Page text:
Neil Parsons

Neil Parsons has been professor of history at the University of Botswana since 1996. He has held other positions at the Universities of Zambia and Swaziland, and at Botswana's National Institute of Research and its National Museum, with short-term appointments at Oxford, Stanford, London (Institute of Commonwealth Studies), Cape Town, Berkeley, and Canberra (ANU).

He has co-edited (with Robin Palmer) The Roots of Rural Poverty in Central and Southern Africa (1977) and (with Michael Crowder) Monarch of All I Survey: Bechuanaland Diaries of Sir Charles Rey 1929-37 (1988). He has written textbooks, notably A New History of Southern Africa (1982), and a number of historical-biographical studies including (with Thomas Tlou & Willy Henderson) Seretse Khama 1921-1980, and King Khama, Emperor Joe, and the Great White Queen (1998), and his most recent book Clicko the Wild Dancing Bushman (2009, published so far only in Southern Africa). He has also served in an editorial capacity on a number of journals, notably African Social Research, the Journal of Southern African Studies, and Pula: Botswana Journal of African Studies.

During his time at ASC Leiden, he will be conducting a study of the origin and effects of the growth of telecommunications between the Cape of Good Hope and the Zambezi via Botswana (Bechuanaland Protectorate) between the 1880s and the 1930s. The first part of the study looks at the colonial-commercial imposition of, and local resistance to, the Cape-Zambezi telegraph in 1889-91. The study continues with the loss of local sovereignty and economic autonomy in the 1891-1904/1910 period by colonial administrative controls exercised through telegraphic and railway communications. The third part of the study, covering the 1910-36 period, is on the intensification of political and economic subordination by means of telephone and radio communications as well as telegraphs and railways, and by new motor-road and air networks by-passing the Protectorate. The culmination of this being the 1936-63 incorporation (with subsequent neglect, despite initiatives to persuade British imperial authorities otherwise) of Bechuanaland within the posts and telegraphs regime of neighbouring South Africa. Key sources have previously been consulted in the Botswana National Archives, but the major sources for this study will be imperial and colonial records held in London--to throw light, in particular, on the transformation of local "tribal" bureaucracies and their systems of communication.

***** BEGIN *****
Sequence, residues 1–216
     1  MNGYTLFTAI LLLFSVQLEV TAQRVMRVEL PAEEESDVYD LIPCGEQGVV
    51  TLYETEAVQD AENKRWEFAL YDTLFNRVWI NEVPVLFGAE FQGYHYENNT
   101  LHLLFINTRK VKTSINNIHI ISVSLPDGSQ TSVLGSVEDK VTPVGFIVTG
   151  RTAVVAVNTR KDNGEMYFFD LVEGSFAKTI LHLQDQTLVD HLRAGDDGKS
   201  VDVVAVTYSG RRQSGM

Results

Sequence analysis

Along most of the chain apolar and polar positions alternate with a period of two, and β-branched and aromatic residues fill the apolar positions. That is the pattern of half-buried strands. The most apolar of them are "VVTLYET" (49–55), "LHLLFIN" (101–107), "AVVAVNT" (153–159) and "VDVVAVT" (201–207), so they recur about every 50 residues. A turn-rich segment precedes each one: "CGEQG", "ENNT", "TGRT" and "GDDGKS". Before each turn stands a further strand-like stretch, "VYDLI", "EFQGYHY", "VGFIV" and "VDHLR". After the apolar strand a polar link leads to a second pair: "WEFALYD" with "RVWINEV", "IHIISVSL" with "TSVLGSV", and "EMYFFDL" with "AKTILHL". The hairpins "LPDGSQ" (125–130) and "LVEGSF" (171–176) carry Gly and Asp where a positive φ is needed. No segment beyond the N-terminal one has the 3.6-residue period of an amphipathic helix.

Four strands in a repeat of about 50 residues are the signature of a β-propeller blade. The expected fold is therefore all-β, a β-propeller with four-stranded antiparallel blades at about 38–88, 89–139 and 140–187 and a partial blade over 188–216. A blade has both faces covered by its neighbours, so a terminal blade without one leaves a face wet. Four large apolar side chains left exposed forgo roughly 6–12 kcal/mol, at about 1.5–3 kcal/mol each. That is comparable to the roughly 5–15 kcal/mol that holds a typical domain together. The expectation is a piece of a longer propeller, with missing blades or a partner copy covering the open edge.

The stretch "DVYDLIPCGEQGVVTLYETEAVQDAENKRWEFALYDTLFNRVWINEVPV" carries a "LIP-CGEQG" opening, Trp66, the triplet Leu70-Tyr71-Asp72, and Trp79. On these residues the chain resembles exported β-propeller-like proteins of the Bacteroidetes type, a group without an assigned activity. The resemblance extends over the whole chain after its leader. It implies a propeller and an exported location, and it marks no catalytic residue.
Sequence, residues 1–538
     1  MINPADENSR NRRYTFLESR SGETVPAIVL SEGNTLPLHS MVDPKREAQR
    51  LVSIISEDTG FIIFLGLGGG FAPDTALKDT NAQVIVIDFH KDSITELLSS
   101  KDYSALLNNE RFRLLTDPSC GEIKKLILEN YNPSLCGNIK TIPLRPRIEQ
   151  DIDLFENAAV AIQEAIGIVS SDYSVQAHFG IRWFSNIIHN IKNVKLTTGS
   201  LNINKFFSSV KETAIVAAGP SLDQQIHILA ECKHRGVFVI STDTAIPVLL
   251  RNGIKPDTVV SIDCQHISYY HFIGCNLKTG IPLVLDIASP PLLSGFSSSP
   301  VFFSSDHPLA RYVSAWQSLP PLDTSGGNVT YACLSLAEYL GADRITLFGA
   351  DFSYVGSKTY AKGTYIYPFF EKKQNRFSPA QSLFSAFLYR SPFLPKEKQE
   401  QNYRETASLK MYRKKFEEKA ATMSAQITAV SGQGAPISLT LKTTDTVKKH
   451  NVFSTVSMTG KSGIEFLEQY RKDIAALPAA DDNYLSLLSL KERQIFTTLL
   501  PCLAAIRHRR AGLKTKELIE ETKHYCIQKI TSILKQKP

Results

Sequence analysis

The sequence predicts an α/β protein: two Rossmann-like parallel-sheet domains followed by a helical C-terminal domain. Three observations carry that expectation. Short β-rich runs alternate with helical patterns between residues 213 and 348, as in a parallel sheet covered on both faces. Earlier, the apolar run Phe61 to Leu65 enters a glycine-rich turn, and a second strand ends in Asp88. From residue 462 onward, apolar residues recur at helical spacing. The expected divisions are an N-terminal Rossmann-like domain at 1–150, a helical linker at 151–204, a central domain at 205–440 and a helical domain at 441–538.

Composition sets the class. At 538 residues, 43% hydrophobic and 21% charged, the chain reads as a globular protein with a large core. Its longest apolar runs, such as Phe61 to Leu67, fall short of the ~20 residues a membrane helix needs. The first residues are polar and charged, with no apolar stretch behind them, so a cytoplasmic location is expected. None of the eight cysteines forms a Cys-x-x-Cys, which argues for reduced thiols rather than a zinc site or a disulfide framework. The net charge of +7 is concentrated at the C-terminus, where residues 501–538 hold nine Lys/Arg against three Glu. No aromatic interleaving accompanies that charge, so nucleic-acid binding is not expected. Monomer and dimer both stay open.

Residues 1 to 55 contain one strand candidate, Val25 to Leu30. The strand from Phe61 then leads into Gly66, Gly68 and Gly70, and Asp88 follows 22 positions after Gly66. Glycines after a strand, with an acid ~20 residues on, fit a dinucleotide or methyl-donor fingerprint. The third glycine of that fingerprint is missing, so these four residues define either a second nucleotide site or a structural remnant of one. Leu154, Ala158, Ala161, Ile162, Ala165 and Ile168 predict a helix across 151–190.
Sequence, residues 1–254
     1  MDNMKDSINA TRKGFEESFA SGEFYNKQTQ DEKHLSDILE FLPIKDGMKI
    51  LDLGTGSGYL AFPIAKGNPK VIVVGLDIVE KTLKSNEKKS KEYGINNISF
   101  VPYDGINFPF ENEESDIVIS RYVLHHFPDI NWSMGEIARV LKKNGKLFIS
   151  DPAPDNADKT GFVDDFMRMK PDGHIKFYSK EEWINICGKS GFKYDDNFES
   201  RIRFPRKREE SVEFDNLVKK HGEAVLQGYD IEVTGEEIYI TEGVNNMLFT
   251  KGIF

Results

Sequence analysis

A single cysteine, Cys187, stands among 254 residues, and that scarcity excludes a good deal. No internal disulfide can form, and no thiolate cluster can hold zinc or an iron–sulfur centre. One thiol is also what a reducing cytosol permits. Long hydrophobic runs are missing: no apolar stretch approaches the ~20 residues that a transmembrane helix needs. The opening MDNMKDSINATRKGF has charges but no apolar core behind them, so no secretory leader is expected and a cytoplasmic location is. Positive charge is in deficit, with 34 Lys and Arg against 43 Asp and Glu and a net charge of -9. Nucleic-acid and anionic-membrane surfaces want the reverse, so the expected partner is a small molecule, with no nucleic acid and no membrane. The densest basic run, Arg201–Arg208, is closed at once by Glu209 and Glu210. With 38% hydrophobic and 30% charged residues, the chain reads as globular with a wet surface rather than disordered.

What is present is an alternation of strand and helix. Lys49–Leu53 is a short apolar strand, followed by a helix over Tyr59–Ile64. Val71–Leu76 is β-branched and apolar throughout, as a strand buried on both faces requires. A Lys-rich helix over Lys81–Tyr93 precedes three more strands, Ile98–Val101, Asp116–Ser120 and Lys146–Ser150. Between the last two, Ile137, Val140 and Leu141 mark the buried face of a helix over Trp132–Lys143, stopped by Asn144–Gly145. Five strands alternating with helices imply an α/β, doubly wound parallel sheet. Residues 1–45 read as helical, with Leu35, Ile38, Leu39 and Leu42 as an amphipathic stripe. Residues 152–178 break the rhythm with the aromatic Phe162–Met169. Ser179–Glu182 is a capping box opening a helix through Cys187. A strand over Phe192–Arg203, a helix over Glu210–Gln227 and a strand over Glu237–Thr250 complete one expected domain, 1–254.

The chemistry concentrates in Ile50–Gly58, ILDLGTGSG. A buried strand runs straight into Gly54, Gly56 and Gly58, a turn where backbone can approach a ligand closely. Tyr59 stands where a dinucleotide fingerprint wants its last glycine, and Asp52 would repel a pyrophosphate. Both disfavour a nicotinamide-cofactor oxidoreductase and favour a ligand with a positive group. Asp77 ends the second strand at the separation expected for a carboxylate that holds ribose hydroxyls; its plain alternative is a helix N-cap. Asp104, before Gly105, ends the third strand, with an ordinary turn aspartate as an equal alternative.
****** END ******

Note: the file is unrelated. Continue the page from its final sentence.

Fellowship year: 
Dr. N. (Neil) Parsons
Former visiting fellow